In my advanced guitar exercises we learn how to move chords, how to create excitement by:
- Creating bass lines with chord inversions of similar harmonic tension.
- Creating bass lines with chords and inversions of opposite harmonic tension.
- Adding harmonic tensions in the lead and resolving such to chordal tones.
- Creating chromatic movements on weak beats towards targeted tonal notes.
- Reharmonising with secondary dominants.
- Reharmonising targeted weak beats either in lead or in the bass lines with chords creating harmonic contrast.
- Creating bass lines with chord inversions of similar harmonic tension.
Students at the Creative Guitar School in Melbourne learn to experiment with advanced guitar exercises and with chordal inversions altering bass lines and creating new colours.
- Next time you see a C chord play it with an E note in the bass.
- If this chord is followed by a G chord, play the G with a D note in the bass.
- If the G chord is followed by an F chord, play this F with the C note in the bass.
- You may also play these three chords but adding a pedal tone in the low register.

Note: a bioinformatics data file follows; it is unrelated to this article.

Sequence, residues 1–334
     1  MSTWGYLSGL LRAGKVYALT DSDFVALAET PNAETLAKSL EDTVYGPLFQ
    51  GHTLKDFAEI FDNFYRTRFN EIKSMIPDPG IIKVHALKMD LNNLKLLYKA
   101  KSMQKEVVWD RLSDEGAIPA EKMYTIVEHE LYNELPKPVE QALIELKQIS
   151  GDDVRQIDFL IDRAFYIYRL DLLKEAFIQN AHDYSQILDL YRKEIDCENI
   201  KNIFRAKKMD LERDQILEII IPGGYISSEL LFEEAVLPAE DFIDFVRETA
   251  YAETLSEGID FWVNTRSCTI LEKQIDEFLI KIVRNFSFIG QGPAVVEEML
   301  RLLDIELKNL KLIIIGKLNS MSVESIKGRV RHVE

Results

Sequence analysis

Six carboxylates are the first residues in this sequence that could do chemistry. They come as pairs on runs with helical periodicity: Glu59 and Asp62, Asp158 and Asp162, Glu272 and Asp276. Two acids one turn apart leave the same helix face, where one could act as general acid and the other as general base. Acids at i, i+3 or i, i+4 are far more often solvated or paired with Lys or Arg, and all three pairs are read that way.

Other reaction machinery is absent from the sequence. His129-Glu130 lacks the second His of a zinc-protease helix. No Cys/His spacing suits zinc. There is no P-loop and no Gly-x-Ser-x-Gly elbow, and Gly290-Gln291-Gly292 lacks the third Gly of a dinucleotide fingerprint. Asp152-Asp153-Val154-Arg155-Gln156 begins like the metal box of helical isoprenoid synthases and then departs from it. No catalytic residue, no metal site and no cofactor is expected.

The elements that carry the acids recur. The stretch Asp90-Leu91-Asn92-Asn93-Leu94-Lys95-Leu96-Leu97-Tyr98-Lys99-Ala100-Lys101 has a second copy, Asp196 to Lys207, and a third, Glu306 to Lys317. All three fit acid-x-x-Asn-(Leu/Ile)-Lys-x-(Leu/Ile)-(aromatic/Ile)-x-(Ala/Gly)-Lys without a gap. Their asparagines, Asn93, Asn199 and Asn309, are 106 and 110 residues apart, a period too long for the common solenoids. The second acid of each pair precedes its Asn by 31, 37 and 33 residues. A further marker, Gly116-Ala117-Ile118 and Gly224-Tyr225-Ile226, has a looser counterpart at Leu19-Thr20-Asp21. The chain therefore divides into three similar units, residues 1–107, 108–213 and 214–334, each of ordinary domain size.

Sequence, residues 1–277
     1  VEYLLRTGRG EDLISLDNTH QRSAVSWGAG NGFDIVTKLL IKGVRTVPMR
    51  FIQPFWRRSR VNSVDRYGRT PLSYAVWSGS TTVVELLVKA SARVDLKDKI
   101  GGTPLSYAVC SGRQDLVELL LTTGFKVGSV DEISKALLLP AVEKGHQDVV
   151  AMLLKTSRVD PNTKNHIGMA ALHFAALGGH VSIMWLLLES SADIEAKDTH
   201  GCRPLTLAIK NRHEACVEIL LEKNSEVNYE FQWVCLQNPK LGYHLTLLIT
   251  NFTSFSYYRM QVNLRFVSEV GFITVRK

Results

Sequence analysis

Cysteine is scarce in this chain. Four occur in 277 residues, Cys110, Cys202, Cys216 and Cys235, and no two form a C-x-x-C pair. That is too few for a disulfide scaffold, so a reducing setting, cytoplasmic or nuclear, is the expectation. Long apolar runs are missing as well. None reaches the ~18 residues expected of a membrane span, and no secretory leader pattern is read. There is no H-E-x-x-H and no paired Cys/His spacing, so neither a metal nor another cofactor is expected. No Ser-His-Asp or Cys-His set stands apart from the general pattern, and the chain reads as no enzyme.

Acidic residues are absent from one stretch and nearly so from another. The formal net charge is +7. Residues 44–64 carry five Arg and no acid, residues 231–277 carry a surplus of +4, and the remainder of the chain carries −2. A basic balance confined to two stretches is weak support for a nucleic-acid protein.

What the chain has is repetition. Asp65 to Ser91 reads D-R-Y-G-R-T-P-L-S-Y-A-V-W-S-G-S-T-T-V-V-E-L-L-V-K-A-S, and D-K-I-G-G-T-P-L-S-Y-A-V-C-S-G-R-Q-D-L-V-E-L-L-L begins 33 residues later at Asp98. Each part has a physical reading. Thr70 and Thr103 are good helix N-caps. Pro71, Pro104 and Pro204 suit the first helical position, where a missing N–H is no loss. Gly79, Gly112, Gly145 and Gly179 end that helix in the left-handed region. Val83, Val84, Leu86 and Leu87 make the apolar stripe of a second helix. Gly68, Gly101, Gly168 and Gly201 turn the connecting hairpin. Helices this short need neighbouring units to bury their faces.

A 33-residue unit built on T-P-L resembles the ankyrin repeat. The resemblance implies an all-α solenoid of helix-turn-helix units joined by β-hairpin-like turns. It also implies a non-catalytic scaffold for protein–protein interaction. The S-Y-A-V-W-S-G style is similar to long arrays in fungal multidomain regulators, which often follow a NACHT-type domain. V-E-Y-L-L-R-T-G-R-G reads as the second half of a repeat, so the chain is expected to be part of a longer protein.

For example :
- Play a C note in the bass and play all the above chords in order
- You may do the same but with a pedal tone in the high register.
- Play an E note on the first string and play all the above chords in order.
The possibility of variations are endless and as we experiment with them we will soon start hearing colours that we may identify with Bach, Country, Flamenco, Funk and other styles.
I invite you to explore the beauty of harmony and the soothing feeling we create when we bring the chords in our playing to life.
Give me a call if you would like to know more on 0448348701. I am currently taking students that wish to enjoy themselves on the guitar for the next year.
Take a peek at my guitar creative side on my artistic site.